You summed things up very nicely in that sentence. It’s sad to see wasted opportunities.

    But if you look hard enough, you can find incredibly innovative uses of virtual worlds for art exhibits. Most recently I’ve been blown away by Michgan State University’s Virtual Broad Art Museum at http://broadmuseum.msu.edu/VBAM/

    Full disclosure: VBAM uses the Jibe virtual world platform (http://bit.ly/jibetechnology) created by ReactionGrid, and I’m the Chief Learning Officer at ReactionGrid.

    Posted by John "Pathfinder" Lester | May 2, 2012, 6:35 pm
    • I wrote a brief entry a couple of weeks ago on the Broad Art Museum.
      http://elizaquinzet.com/2012/03/17/broad-art-museum-5/

      I love how accessible it is for any internet user. I also like way the art inhabits the rooms… moves through the space. Very interesting and innovative. I will check that and the other items you mention more closely.

      Thank you for reading!

      Posted by Eliza Quinzet | May 2, 2012, 6:44 pm
      • My apologies that I did not see your previous blog post about VBAM. I just recently discovered your blog , so I have some catching up to do! The intersection of art and virtual worlds has always been near and dear to my heart, so I’m looking forward to reading more of your thoughts. Take care.

        Posted by John "Pathfinder" Lester | May 2, 2012, 7:21 pm
      • Oh not at all, It is a very brief post and I think my readers will be encouraged by your endorsement of that project.

        My blog is very new. I have only recently really zoomed into some focus.

        I am also interested in the “intersection of art” between the real and virtual worlds. I am also looking at ways that literacy and composition intersect and how that will change written composition in the future. After looking at your blog I see it will be a great resource for me.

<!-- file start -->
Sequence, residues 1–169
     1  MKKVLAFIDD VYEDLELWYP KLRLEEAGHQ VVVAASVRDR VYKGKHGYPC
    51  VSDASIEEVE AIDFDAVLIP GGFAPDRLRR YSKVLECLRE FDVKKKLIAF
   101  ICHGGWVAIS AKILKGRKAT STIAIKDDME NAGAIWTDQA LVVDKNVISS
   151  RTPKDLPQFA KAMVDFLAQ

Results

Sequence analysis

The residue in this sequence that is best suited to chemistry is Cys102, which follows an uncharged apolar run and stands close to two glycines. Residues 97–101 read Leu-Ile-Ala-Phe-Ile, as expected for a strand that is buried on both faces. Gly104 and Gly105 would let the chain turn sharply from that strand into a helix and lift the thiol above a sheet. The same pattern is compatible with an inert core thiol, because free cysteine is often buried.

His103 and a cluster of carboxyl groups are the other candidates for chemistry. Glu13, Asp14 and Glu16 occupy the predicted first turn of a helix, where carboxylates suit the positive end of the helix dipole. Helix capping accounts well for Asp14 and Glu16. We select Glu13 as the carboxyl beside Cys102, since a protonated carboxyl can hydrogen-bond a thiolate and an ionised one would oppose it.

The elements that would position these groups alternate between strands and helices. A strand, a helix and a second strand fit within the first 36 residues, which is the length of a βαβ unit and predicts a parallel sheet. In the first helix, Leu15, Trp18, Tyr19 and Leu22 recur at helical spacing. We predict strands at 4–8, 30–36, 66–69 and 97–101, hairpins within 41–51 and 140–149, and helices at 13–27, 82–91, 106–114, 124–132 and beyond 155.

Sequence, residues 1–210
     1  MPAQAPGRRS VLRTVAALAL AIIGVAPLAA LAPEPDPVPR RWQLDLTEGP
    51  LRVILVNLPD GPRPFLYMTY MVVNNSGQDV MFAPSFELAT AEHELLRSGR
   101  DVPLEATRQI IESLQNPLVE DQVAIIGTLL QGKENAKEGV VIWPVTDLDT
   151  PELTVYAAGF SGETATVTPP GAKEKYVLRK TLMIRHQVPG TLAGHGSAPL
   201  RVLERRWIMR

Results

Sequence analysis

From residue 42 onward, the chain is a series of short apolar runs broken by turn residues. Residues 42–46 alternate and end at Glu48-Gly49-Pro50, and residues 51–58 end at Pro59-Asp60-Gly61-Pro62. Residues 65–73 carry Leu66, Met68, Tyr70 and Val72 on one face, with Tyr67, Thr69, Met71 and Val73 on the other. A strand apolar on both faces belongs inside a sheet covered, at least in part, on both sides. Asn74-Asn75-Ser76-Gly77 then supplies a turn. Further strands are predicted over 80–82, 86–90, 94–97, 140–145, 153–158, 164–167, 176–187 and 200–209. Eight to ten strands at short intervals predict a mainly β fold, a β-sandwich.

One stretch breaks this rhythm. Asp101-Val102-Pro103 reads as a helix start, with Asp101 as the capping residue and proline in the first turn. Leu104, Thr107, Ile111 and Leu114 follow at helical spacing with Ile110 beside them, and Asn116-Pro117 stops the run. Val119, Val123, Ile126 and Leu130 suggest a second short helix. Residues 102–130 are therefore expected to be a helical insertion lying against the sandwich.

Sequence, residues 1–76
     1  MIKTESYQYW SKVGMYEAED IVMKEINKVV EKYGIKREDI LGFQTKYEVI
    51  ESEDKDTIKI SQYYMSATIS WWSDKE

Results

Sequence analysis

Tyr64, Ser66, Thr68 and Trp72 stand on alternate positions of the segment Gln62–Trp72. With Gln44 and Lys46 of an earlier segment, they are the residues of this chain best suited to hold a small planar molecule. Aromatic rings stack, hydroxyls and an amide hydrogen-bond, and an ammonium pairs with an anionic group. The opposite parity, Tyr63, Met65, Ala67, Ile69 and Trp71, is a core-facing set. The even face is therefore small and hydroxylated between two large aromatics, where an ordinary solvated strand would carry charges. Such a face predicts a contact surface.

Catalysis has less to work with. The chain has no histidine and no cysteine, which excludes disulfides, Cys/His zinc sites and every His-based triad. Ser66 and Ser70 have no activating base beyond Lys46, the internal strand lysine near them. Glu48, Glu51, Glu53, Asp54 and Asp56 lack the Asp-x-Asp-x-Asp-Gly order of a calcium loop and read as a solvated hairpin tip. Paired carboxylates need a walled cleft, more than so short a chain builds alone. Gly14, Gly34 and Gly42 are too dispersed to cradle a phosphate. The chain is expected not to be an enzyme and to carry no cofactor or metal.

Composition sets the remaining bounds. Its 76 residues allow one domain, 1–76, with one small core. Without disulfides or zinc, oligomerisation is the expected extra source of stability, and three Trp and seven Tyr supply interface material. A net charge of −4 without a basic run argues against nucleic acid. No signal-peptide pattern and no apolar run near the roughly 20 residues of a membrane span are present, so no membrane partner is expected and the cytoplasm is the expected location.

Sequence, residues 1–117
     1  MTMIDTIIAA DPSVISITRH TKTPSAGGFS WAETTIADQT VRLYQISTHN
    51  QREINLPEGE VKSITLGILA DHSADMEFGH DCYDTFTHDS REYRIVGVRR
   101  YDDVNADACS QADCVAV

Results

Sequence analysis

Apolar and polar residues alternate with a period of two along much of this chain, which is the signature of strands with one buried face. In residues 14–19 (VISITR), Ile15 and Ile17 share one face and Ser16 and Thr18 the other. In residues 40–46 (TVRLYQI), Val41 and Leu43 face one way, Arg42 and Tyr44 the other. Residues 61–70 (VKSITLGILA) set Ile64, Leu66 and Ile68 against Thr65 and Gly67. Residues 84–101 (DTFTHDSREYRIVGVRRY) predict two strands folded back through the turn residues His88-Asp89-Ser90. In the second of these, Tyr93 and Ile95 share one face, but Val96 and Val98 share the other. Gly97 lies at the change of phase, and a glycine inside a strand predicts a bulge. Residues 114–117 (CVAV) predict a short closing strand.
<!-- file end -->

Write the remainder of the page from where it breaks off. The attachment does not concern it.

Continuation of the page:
Best Wishes

        Posted by Eliza Quinzet | May 2, 2012, 7:30 pm
  3. I see your point, and appreciate your perspective. I’m really excited to be reading this kind of critical review of the design, or architecture of this experience!

    However, I really appreciate their attempt to make the UI and virtual experience subtle and supportive, rather than something more obtuse, or trying to make a big noise about the design of the UI or the virtual architecture, when the experience is really about the art. It takes quite a bit of restraint to achieve that, imho.

    I think where they may have fallen a bit short is due to a more technical limitation we all face working in 3D virtual worlds – lag. If they’re going to work so hard toward to subdue the architecture and the UI in order to focus on the art, there really does need to be a focus on the art. Instead, they’re so many tiny thumbnails that take forever to load, which ultimately defeats the purpose of restraining the UI design, since the combination of lag, download time, and tiny thumbnails end up indirectly bringing the UI and architecture to the forefront of your experience, rather than the background, since its almost all you can see most of the time.

    I’m rambling, but long story longer – I really appreciate your perspective, and can’t wait to read more reviews! But I do appreciate the underlying concept behind their design, even if the technology fell just a bit short.

    See you in worlds!

    Posted by keystonesl | May 7, 2012, 3:24 am
  4. I see your point, and appreciate your perspective. I’m really excited to be reading this kind of critical review of the design, or architecture of this experience!

    However, I really appreciate their attempt to make the UI and virtual experience subtle and supportive, rather than something more obtuse, or trying to make a big noise about the design of the UI or the virtual architecture, when the experience is really about the art. It takes quite a bit of restraint to achieve that, imho.

    I think where they may have fallen a bit short is due to a more technical limitation we all face working in 3D virtual worlds – lag. If they’re going to work so hard toward to subdue the architecture and the UI in order to focus on the art, there really does need to be a focus on the art. Instead, they’re so many tiny thumbnails that take forever to load, which ultimately defeats the purpose of restraining the UI design, since the combination of lag, download time, and tiny thumbnails end up indirectly bringing the UI and architecture to the forefront of your experience, rather than the background, since its almost all you can see most of the time.

    I’m rambling, but long story longer – I really appreciate your perspective, and can’t wait to read more reviews! But I do appreciate the underlying concept behind their design, even if the technology fell just a bit short.

    See you in worlds!

    Posted by Jon Brouchoud (@ARCHVirtual) | May 7, 2012, 3:26 am